Fredric Jameson once reflected that in a society of fragmentation where it becomes increasingly difficult to map the contours of our lives, alternative aesthetic forms might assist in “the reinvention of possibilities of cognition and perception that allow social phenomena once again to become transparent ...” (Aesthetics and Politics 212). Stalker might in part serve this very purpose as its slow deliberative rhythm dramatically contrasts against the montage-based quick cutting of most present day cinema.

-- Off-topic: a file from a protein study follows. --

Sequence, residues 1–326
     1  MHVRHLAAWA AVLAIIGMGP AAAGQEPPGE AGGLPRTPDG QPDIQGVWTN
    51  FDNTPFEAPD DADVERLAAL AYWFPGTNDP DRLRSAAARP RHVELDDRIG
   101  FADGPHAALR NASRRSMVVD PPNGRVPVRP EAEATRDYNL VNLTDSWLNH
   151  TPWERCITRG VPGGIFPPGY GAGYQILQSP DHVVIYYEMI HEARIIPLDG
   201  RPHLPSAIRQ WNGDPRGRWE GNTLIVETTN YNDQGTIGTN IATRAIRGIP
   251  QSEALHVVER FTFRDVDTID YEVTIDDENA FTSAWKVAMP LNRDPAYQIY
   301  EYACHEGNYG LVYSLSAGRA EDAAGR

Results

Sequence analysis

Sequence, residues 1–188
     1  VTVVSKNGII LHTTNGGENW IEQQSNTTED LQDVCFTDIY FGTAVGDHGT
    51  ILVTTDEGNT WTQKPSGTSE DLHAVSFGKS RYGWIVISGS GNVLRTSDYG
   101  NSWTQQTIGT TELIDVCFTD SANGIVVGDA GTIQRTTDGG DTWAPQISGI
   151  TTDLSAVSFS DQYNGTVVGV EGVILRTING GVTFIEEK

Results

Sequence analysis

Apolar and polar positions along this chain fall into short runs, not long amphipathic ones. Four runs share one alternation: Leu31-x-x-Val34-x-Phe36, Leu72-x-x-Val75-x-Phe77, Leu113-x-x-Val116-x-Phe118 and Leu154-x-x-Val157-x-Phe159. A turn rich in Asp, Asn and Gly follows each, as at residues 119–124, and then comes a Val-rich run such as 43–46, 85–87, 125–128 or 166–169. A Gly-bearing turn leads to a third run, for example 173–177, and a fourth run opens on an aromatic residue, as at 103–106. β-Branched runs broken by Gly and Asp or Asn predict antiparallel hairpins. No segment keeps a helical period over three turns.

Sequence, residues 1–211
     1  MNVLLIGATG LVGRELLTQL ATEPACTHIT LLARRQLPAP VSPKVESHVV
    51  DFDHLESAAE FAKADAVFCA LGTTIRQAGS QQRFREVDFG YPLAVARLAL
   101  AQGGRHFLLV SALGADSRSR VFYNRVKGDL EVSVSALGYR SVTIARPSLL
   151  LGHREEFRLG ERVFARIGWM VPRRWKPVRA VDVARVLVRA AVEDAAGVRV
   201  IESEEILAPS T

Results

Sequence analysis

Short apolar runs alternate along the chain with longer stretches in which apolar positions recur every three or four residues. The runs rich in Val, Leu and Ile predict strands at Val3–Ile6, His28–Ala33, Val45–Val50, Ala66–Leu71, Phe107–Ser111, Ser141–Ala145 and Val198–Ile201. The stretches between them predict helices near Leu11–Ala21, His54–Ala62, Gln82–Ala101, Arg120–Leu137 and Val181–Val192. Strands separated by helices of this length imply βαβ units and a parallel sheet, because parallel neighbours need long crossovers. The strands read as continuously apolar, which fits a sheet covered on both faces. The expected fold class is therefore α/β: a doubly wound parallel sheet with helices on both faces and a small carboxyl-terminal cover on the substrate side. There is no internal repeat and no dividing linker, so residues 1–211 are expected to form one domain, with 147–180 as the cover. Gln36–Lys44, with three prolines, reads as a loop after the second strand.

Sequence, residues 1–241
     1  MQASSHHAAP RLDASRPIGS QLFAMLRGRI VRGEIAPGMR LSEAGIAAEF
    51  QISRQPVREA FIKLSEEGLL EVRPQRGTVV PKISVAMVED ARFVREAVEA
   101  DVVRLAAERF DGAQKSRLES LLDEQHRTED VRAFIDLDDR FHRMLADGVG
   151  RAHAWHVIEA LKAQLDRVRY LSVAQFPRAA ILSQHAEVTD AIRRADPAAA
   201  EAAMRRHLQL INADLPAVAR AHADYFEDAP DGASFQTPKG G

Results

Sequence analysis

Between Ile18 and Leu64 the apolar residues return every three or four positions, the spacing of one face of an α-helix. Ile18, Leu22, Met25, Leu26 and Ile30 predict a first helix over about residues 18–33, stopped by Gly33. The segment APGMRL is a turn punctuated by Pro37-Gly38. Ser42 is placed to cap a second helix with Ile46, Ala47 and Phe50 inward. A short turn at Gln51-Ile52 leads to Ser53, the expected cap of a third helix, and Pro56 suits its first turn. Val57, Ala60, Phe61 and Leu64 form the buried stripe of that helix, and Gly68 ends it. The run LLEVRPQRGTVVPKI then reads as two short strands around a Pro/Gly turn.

Although Jameson spoke specifically in terms of art making class relations transparent, Stalker does this in a more nebulous sense: it suggests the ensuing confusion and promise that results when navigating the terrain of an oppressive present woven by those of an elite who remain off screen. It warns of a world where escape can easily lead into new forms of imprisonment, but it also identifies how imaginative moments that pause from the rhythms of daily life can provide possibilities that not only allow us to survive the present horrors but also transcend them.